By Brenda DeCroo, MBA
Are coaches required to be certified?
That’s a good question, and one that will surely generate a lot of discussion. The straightforward answer is “No, there is presently no requirement that a person be certified to practice as a coach.” However, there is an expectation that this may change. As the coaching profession continues to mature and expand throughout the world, and as clients become more knowledgeable and demanding of the results they expect from a coach, there will likely be more regulation of the profession.
Is certification important to me as a client?
Among the important factors you will probably wish to consider when hiring a coach are:
° What is the coach’s background, including education and training, coaching and other professional experience, and certifications?
° How well does the coach’s specialty area match my needs and goals?
° Is this a person with whom I can form an effective and rewarding partnership?
Knowing that your coach is certified by a respected credentialing agency is a good way to ensure that your coach has been trained in the skills necessary to provide insightful coaching, continues to learn and develop coaching skills, is endorsed by fellow coaches, and follows a code of ethics.
What types of certifications are available for coaches?
There are varied types of certifications available for coaches. Probably the most widely known coach certification is through the International Coach Federation (ICF). The ICF has three levels of credentials available based on number of coaching hours – 100 hours for the first level (Associate Certified Coach), 750 hours for the second level (Professional Certified Coach), and 2,500 hours for the highest level (Master Certified Coach). All ICF certified coach levels require substantial coach-specific training and continuing education hours every three years in order to continue development of coaching knowledge and skills. For more details on the different ICF certification levels, visit http://www.coachfederation.org/getcredentialed/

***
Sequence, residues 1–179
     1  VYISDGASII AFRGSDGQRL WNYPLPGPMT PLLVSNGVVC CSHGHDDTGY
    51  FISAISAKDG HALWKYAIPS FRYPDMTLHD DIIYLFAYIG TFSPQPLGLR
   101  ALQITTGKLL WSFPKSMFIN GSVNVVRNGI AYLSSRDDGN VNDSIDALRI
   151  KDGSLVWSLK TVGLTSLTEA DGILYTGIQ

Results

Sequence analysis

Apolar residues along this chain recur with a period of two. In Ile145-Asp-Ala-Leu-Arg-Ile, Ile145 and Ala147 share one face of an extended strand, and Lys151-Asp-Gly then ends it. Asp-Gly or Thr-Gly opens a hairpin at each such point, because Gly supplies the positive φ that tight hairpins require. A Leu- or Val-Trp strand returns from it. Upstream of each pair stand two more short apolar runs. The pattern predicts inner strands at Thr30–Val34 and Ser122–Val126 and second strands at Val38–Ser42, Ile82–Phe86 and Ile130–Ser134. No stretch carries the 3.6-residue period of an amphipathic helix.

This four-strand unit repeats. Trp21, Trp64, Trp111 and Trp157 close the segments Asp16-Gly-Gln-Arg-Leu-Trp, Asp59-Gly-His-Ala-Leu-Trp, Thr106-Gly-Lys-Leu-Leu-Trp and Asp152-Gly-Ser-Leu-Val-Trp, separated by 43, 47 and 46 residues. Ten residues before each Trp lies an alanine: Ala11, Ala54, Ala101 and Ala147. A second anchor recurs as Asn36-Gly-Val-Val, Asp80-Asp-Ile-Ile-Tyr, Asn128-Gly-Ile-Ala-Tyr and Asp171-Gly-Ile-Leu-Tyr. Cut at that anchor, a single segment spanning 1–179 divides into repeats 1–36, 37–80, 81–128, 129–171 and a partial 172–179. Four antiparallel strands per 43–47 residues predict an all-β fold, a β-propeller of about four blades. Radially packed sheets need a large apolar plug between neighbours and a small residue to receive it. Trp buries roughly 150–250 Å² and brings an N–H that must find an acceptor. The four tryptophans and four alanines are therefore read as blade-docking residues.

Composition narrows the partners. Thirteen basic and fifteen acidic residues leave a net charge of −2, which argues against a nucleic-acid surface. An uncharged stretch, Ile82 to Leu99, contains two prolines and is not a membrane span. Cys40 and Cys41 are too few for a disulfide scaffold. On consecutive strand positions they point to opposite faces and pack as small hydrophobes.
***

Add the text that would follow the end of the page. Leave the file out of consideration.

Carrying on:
A Board Certified Coach (BCC) credential has recently become available from the Center for Credentialing and Education (CCE). Similar to the ICF certification, CCE credentialing provides a means to certify that a coach has receieved proper training, coaching experience, and continuing education. For more details on the BCC credential, visit http://www.cce-global.org/BCC
Both the ICF and CCE coach certifications require adherence to a code of ethics and endorsement by experienced coaches.
Other certifications are available through different training organizations and for specific coaching specialties. A meaningful credential will include high-quality coach-specific training, significant coaching experience, validation of coaching skills by experienced coaches, and adherence to a code of ethics.
Brenda DeCroo spent over 20 years in corporate finance helping companies all over the world measure and improve their financial results. Now, as a Profit Coach, Brenda works with entrepreneurs and business owners who want to master their finances, increase profits, and focus on what matters most. A graduate of the Duquesne University Professional Coaching Certification program, Brenda is passionate about working with motivated clients to achieve success and abundance in all aspects of their life. Brenda lives in Sarver, Pennsylvania, loves to spend time with family and friends, cook, travel, cruise, stay fit, and enjoy life. Brenda has been an active member of a women’s spirituality group for ten years. To learn more, visit www.brendadecroocoaching.com